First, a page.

Influenza — also known as the flu — is a contagious viral infection that attacks your respiratory system. Influenza viruses that infect humans can be classified into three main groups: A, B, and C. Type A influenza is the most serious and known to cause widespread outbreaks and diseases.
Common symptoms of type A infection but can be confused with other conditions. While in some milder cases the flu can resolve on its own, severe cases of type A influenza can be life-threatening.
Unlike a common cold, the flu occurs with a sudden onset of symptoms. Common signs of an influenza infection include:
Sometimes, influenza A symptoms may resolve on their own. However, if symptoms persist for more than a week without improvement, schedule a visit with your doctor. In rare cases, the flu can be deadly.
Left untreated, the flu can cause:
- fever over 100ºF
- ear infection
- abdominal pain
- chest pain
- asthma attack
- cardiac issues
Influenza A vs. influenza B
Types A and B influenza are the more common forms of this infection, routinely causing seasonal outbreaks. Type C influenza usually only causes mild respiratory infections.
Type B influenza can be just as severe as type A influenza but is less common. Type B viruses mutate much slower than type A infections and are categorized by strain. The virus strain changes only every few years. Humans are the natural host for type B infection. This drastically reduces the risk of a widespread pandemic.
Type A influenza is the most dangerous, known to cause outbreaks and increase your risk of disease. Unlike a type B infection, type A viruses are categorized by strain and subtype. These viruses are always changing, creating new strains from one flu season to the next. Past flu vaccinations will not prevent infection from a new strain.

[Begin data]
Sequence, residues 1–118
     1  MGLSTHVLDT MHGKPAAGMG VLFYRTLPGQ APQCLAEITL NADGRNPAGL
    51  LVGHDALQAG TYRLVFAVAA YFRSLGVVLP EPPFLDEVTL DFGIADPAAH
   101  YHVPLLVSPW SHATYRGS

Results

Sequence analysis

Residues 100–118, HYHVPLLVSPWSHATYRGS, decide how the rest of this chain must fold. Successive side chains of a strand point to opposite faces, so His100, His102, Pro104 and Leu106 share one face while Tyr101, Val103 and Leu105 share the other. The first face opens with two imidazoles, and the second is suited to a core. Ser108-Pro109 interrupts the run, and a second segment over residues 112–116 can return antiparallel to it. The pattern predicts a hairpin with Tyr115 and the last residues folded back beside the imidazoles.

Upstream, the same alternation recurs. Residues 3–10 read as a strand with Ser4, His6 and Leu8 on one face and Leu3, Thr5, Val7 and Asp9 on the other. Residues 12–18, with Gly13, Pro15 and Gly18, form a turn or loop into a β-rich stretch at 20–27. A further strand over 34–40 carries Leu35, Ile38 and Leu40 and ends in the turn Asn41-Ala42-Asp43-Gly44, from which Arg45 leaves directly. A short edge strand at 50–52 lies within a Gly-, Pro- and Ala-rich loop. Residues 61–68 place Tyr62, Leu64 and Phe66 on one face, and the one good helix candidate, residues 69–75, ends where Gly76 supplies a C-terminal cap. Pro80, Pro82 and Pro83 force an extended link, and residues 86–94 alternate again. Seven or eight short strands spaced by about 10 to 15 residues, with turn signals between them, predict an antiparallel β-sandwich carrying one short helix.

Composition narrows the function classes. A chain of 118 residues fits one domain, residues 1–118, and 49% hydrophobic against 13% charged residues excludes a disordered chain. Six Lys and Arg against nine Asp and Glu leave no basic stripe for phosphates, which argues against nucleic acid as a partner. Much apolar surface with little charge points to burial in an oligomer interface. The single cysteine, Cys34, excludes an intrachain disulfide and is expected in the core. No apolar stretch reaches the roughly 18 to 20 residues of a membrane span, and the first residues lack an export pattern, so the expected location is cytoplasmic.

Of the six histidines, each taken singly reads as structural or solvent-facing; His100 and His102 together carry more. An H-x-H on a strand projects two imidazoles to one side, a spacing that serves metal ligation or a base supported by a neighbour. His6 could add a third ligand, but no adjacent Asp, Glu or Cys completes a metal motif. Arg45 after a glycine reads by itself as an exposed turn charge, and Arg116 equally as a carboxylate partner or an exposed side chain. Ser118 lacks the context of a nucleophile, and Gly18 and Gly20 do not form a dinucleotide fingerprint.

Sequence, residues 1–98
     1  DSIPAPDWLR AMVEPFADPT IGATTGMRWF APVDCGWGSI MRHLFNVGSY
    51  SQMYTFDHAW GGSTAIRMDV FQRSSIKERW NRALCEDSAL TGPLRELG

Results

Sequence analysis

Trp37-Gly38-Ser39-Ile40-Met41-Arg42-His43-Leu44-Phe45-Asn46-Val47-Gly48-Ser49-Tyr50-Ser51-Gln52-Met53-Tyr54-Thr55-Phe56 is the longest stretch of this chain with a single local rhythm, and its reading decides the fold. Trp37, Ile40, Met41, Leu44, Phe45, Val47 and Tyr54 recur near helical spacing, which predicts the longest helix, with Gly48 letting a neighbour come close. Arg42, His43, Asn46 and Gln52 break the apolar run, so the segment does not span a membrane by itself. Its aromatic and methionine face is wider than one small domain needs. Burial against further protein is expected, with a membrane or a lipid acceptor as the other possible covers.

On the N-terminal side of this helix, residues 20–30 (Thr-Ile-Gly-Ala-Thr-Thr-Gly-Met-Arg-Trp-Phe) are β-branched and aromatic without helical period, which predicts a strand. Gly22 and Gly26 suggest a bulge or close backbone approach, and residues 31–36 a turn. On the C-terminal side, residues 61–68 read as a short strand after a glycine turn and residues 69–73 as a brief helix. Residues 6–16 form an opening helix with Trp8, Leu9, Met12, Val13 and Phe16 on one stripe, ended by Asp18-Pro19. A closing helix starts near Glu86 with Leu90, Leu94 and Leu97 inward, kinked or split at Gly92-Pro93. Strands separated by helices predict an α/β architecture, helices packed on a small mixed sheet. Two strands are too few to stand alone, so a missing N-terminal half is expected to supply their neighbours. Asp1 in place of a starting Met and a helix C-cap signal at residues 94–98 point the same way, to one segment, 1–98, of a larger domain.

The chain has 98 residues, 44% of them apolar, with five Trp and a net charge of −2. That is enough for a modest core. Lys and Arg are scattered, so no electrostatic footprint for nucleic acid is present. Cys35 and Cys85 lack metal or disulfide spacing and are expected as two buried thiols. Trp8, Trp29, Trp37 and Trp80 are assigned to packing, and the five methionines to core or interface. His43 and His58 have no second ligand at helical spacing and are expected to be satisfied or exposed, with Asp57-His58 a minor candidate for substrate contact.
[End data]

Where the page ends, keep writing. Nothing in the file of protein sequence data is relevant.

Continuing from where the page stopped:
Wild birds are the natural hosts for a type A virus (also called avian flu or bird flu), but this infection can also spread to other animals and humans. This often causes pandemics.
Before treating your condition, your doctor will need to check for the influenza virus. The most commonly used test is the rapid influenza diagnostics test. In this procedure, your doctor swabs your nose or throat. The test will detect virus antigens within 30 minutes or less.
Results are not always accurate, and your doctor may have to diagnose you based on your symptoms or other flu tests.
In some cases, influenza A symptoms can clear on their own with ample rest and fluid intake. In other cases, your doctor may prescribe you antiviral medication to fight the infection.
Common antiviral prescriptions include:
- zanamivir (Relenza)
- oseltamivir (Tamiflu)
- peramivir (Rapivab)
Though effective, these medications can cause side effects such as nausea and vomiting. If you begin to experience any of these symptoms or if your condition worsens, stop using the prescription and visit your doctor immediately.
Over-the-counter medication can also ease flu symptoms. Be sure to stay hydrated to loosen mucus in your chest and strengthen your immune system.
How long is it contagious?
If you have the flu, you are contagious from at least a day before you begin to experience symptoms up through five days after your symptoms begin.
In more severe cases, you could be contagious for up to 10 days after you begin experiencing symptoms. This number can fluctuate if your immune system is weak or undeveloped, specifically in cases of children.
Other ways to prevent spreading this disease include:
- washing your hands regularly
- avoiding large crowds, specifically during a flu outbreak
- covering your mouth and nose when you cough or sneeze
- staying home if you develop a fever and for at least 24 hours after it goes away
Type A influenza is a contagious viral infection that can cause life-threatening complications if left untreated. While some cases of this infection can improve without prescribed medication, a visit to your doctor is recommended.
Do not self-diagnose your condition. The flu can resemble the common cold, but may trigger worsening symptoms. If you worry you have been infected with influenza, schedule a visit with your doctor to discuss treatment.